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Paying for Confidence: An Experimental Study of the Demand for Non-Instrumental Information


  • Eliaz, Kfir
  • Schotter, Andrew


This paper presents experimental evidence that when individuals are about to make a given decision under risk, they are willing to pay for information on the likelihood that this decision is ex-post optimal, even if this information will not affect their decision. Our findings suggest that this demand for non-instrumental information is caused by what we refer to as a "confidence effect": the desire to increase one’s posterior belief by ruling out "bad news", even when such news would have no effect on one’s decision. We conduct various treatments to show that our subjects’ behavior is not likely to be caused by an intrinsic preference for information, failure of backward induction or an attempt to minimize thinking costs.

Suggested Citation

  • Eliaz, Kfir & Schotter, Andrew, 2009. "Paying for Confidence: An Experimental Study of the Demand for Non-Instrumental Information," CEPR Discussion Papers 7415, C.E.P.R. Discussion Papers.
  • Handle: RePEc:cpr:ceprdp:7415

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    References listed on IDEAS

    1. Ortoleva, Pietro, 2013. "The price of flexibility: Towards a theory of Thinking Aversion," Journal of Economic Theory, Elsevier, vol. 148(3), pages 903-934.
    2. Markus K. Brunnermeier & Jonathan A. Parker, 2005. "Optimal Expectations," American Economic Review, American Economic Association, vol. 95(4), pages 1092-1118, September.
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    5. Botond Kőszegi, 2006. "Emotional Agency," The Quarterly Journal of Economics, Oxford University Press, vol. 121(1), pages 121-155.
    6. Grant, Simon & Kajii, Atsushi & Polak, Ben, 1998. "Intrinsic Preference for Information," Journal of Economic Theory, Elsevier, vol. 83(2), pages 233-259, December.
    7. Celen, Bogachan & Hyndman, Kyle, 2006. "Endogenous Network Formation In the Laboratory," MPRA Paper 1440, University Library of Munich, Germany.
    8. Nicholas Barberis & Ming Huang & Richard H. Thaler, 2006. "Individual Preferences, Monetary Gambles, and Stock Market Participation: A Case for Narrow Framing," American Economic Review, American Economic Association, vol. 96(4), pages 1069-1090, September.
    9. Andrew Caplin & John Leahy, 2001. "Psychological Expected Utility Theory and Anticipatory Feelings," The Quarterly Journal of Economics, Oxford University Press, vol. 116(1), pages 55-79.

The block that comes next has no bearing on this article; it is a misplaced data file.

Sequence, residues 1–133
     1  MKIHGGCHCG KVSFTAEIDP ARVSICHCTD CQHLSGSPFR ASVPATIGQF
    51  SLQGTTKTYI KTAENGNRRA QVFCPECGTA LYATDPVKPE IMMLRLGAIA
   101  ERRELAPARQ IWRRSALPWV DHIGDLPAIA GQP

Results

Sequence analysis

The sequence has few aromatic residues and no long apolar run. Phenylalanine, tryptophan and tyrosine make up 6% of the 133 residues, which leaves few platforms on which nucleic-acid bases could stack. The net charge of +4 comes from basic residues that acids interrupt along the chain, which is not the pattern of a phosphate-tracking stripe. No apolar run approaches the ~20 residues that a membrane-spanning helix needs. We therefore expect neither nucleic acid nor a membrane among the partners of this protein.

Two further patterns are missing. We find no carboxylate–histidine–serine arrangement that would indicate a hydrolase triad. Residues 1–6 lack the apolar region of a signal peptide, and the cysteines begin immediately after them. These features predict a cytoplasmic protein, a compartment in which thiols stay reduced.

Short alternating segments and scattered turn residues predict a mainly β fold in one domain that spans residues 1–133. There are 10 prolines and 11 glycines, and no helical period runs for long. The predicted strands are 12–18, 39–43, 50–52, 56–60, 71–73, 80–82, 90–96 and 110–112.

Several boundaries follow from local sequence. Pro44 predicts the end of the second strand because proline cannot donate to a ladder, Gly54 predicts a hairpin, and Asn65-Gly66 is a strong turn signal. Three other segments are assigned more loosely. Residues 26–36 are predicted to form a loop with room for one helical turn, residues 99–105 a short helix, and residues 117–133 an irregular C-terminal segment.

10. Kfir Eliaz & Andrew Schotter, 2007. "Experimental Testing of Intrinsic Preferences for NonInstrumental Information," American Economic Review, American Economic Association, vol. 97(2), pages 166-169, May.
    11. Eliaz, Kfir & Spiegler, Ran, 2006. "Can anticipatory feelings explain anomalous choices of information sources?," Games and Economic Behavior, Elsevier, vol. 56(1), pages 87-104, July.
    12. Scott, Robert C & Horvath, Philip A, 1980. " On the Direction of Preference for Moments of Higher Order Than the Variance," Journal of Finance, American Finance Association, vol. 35(4), pages 915-919, September.
    13. Dorothea Kübler & Georg Weizsäcker, 2004. "Limited Depth of Reasoning and Failure of Cascade Formation in the Laboratory," Review of Economic Studies, Oxford University Press, vol. 71(2), pages 425-441.
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    Cited by:

    1. Barton, Jared & Rodet, Cortney, 2015. "Are political statements only expressive? An experiment," Journal of Economic Behavior & Organization, Elsevier, vol. 116(C), pages 174-186.
    2. Huck, Steffen & Szech, Nora & Wenner, Lukas M., 2017. "More effort with less pay: On information avoidance, optimistic beliefs, and performance," Discussion Papers, Research Unit: Economics of Change SP II 2015-304r2, Social Science Research Center Berlin (WZB).
    3. Markus M. Mobius & Muriel Niederle & Paul Niehaus & Tanya S. Rosenblat, 2011. "Managing Self-Confidence: Theory and Experimental Evidence," NBER Working Papers 17014, National Bureau of Economic Research, Inc.
    4. repec:bla:ecinqu:v:55:y:2017:i:3:p:1468-1488 is not listed on IDEAS
    5. Fels, Markus, 2015. "On the value of information: Why people reject medical tests," Journal of Behavioral and Experimental Economics (formerly The Journal of Socio-Economics), Elsevier, vol. 56(C), pages 1-12.
    6. Au, Pak Hung, 2016. "Price reaction and disagreement over public signal," Journal of Economic Behavior & Organization, Elsevier, vol. 130(C), pages 81-106.
    7. Bogaçhan Çelen & Kyle Hyndman, 2012. "Social Learning Through Endogenous Information Acquisition: An Experiment," Management Science, INFORMS, vol. 58(8), pages 1525-1548, August.
    8. repec:eee:gamebe:v:104:y:2017:i:c:p:1-23 is not listed on IDEAS

    More about this item


    Anticipatory feelings; Disjunction effect; Non-instrumental information; Thinking costs;

    JEL classification:

    • C91 - Mathematical and Quantitative Methods - - Design of Experiments - - - Laboratory, Individual Behavior
    • D03 - Microeconomics - - General - - - Behavioral Microeconomics: Underlying Principles
    • D81 - Microeconomics - - Information, Knowledge, and Uncertainty - - - Criteria for Decision-Making under Risk and Uncertainty

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